Friday, March 09, 2018

Who’s to Blame for the ‘1992 Consensus’ Impasse?

Beijing’s intransigence, and not Taipei’s refusal to fall into a trap, is the source of instability in bilateral relations 

It has become a common refrain since sometime in 2016 that relations between Taiwan and China have deteriorated due to the Tsai Ing-wen administration’s refusal to acknowledge the so-called “1992 consensus.” However, that formulation not only stems from a cognitive bias that is unfair to Taiwan, it also suffers from amnesia and ignores Beijing’s stated long-term aims.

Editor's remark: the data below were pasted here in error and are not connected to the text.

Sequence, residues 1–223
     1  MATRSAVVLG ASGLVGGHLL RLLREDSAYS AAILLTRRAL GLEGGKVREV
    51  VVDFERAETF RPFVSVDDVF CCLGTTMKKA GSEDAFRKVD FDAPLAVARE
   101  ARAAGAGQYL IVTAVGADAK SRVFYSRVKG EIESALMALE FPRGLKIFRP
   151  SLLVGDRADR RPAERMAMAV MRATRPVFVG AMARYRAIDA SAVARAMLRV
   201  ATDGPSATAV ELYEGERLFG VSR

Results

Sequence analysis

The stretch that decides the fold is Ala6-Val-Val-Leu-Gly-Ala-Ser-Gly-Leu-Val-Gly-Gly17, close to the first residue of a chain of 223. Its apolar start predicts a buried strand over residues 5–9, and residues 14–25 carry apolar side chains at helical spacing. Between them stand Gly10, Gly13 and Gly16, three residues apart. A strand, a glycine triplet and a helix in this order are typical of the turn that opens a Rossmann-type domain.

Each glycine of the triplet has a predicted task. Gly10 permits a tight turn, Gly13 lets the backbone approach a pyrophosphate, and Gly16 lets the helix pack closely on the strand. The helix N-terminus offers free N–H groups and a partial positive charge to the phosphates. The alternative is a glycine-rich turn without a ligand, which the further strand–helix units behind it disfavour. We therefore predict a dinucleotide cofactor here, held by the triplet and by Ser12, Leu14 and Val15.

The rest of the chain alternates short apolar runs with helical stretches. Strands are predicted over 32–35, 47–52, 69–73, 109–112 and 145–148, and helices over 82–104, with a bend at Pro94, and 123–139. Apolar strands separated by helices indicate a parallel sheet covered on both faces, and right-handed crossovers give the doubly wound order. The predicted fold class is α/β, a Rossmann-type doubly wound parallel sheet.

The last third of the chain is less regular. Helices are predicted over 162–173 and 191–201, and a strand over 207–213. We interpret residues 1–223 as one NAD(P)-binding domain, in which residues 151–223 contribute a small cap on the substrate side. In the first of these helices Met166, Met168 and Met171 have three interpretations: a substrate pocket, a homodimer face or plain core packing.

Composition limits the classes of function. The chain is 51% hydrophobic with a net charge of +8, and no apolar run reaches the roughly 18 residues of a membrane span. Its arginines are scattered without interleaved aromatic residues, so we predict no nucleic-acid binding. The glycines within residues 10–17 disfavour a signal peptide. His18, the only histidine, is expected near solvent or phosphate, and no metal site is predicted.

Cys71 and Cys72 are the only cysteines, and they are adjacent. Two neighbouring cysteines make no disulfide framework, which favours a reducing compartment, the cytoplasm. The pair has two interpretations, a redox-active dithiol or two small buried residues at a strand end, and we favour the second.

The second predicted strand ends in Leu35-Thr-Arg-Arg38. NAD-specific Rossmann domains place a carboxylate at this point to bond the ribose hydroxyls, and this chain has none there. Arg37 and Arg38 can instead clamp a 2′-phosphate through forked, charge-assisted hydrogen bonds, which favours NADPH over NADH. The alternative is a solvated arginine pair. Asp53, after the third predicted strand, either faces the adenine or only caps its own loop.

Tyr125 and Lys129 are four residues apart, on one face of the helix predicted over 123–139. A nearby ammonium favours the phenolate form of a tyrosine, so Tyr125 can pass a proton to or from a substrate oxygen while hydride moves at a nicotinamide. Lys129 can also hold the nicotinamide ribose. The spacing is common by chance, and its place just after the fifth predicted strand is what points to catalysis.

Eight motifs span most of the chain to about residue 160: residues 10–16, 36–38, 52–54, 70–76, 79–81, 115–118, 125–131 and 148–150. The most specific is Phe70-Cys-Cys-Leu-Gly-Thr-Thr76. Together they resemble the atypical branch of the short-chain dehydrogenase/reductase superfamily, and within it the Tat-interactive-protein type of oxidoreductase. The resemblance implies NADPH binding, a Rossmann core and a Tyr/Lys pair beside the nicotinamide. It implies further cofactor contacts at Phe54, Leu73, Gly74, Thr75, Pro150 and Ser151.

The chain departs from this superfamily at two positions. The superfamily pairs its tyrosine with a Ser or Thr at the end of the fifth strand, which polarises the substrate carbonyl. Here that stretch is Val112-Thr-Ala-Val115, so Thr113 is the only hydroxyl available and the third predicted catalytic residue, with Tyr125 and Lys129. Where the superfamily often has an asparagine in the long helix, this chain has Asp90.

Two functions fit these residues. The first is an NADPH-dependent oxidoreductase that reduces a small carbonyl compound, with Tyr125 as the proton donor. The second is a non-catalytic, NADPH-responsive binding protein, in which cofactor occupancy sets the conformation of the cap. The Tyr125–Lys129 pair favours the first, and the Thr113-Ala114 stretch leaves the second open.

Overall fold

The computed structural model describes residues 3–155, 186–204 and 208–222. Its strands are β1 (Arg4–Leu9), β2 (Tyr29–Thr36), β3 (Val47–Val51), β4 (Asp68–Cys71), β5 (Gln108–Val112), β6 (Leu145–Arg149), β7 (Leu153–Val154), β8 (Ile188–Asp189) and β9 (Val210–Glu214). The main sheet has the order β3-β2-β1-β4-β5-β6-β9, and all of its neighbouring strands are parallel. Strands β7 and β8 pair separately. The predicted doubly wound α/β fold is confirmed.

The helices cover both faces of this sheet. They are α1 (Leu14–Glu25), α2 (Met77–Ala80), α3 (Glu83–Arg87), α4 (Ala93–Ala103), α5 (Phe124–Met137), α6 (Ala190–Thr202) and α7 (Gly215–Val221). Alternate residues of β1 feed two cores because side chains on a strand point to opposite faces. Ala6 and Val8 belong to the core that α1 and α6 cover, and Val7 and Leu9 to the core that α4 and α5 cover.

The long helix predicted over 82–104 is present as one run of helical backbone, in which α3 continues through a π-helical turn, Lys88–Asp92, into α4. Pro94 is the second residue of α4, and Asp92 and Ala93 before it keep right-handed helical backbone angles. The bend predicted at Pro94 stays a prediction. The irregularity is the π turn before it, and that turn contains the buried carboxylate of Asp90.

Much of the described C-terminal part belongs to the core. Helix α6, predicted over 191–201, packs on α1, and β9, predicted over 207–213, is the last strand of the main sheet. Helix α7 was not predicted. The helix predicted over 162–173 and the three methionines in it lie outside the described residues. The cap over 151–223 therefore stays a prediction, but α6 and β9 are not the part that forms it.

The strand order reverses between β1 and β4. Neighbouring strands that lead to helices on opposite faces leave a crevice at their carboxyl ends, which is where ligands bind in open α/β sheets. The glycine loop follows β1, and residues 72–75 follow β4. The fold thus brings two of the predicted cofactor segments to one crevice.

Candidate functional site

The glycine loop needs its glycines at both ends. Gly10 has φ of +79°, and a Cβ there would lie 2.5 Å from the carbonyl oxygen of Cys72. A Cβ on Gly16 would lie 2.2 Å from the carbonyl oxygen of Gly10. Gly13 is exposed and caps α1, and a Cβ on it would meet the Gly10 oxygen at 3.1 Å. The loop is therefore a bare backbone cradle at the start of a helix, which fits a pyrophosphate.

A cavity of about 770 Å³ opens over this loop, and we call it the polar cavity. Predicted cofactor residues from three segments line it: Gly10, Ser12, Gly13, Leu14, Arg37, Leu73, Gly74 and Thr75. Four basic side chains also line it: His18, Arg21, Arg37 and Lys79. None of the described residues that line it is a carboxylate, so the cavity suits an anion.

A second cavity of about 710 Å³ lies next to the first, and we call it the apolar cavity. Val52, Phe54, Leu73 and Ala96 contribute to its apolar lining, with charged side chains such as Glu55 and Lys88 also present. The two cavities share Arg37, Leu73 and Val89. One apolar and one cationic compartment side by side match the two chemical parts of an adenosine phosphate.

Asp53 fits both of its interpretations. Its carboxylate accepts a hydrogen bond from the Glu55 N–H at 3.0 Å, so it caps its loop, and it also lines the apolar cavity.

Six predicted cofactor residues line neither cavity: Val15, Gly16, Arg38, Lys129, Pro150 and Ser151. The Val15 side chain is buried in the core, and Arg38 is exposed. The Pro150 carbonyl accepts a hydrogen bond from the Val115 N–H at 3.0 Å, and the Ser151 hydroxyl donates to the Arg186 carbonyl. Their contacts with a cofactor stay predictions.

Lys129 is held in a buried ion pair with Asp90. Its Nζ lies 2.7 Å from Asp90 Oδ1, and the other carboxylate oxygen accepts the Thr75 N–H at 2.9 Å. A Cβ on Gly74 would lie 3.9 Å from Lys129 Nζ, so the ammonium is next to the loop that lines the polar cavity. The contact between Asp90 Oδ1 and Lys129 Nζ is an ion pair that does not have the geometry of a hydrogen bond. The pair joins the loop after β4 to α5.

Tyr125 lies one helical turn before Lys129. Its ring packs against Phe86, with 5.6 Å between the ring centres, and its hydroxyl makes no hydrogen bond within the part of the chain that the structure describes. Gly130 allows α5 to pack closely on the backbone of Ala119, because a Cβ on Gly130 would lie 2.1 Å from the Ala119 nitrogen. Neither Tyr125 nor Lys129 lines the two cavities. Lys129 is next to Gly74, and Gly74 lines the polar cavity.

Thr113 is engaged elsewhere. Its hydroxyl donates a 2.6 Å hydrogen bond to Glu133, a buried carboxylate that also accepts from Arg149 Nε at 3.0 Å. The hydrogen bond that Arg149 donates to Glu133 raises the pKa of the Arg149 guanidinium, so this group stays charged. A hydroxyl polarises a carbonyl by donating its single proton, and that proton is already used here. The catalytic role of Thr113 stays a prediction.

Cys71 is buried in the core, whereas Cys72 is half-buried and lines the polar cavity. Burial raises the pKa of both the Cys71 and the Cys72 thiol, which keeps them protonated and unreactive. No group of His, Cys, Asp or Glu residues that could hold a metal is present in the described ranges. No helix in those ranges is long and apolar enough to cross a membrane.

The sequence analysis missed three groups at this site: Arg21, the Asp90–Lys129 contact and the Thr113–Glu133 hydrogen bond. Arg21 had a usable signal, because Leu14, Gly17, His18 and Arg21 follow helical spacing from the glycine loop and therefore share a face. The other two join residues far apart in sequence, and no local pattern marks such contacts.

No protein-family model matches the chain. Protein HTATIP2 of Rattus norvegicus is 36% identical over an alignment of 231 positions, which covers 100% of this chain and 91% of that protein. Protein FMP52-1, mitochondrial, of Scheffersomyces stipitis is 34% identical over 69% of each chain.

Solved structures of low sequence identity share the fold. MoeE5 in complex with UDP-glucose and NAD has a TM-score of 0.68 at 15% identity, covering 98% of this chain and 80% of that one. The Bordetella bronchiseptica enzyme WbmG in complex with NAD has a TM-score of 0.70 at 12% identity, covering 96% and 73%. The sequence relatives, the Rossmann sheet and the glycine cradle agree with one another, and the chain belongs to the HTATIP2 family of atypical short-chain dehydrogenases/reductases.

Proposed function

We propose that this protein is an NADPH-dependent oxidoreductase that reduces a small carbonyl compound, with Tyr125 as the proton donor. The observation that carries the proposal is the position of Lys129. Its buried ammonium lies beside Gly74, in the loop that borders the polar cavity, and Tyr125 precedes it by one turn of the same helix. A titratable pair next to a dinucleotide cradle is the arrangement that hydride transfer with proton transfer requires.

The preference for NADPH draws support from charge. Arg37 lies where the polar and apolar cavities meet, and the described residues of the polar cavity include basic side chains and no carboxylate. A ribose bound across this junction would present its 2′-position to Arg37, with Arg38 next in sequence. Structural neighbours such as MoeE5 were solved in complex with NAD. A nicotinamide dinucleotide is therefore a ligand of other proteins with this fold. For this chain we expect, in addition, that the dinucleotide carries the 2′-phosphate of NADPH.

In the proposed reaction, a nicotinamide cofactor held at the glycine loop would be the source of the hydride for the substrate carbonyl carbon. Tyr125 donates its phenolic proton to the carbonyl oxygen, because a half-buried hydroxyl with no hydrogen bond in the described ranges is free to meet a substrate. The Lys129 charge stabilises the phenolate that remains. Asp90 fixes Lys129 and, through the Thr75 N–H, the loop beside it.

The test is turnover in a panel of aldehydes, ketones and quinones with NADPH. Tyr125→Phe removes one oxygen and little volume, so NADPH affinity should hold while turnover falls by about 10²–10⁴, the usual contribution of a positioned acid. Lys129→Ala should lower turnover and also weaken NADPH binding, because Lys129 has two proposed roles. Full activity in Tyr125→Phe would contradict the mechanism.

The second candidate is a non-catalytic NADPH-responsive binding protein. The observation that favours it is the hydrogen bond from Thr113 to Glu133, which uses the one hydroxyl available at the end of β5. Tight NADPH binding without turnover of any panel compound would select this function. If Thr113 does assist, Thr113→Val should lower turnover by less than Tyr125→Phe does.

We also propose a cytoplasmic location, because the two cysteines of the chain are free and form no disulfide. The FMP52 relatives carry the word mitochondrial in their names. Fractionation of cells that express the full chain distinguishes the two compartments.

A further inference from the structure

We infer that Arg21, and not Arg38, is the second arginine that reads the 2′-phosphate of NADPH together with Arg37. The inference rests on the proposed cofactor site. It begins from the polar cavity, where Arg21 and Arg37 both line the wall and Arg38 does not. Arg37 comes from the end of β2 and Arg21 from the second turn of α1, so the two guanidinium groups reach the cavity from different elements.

According to this unquestioned rule, President Tsai’s refusal to abide by or recognize the “1992 consensus” is the reason why tensions have risen in the Taiwan Strait since her election in January 2016, why Beijing has “license” to punish Taiwan, and why the two sides — at least reports claim — no longer use official high-level channels to communicate with each other. Leaving alone the fact that the “consensus” was, by his own admission, invented by the Kuomintang’s (KMT) Su Chi in 2000, this formulation also imposes a baseline, a natural state from which departure bad things have necessarily happened in the Taiwan Strait. 

Continues here.

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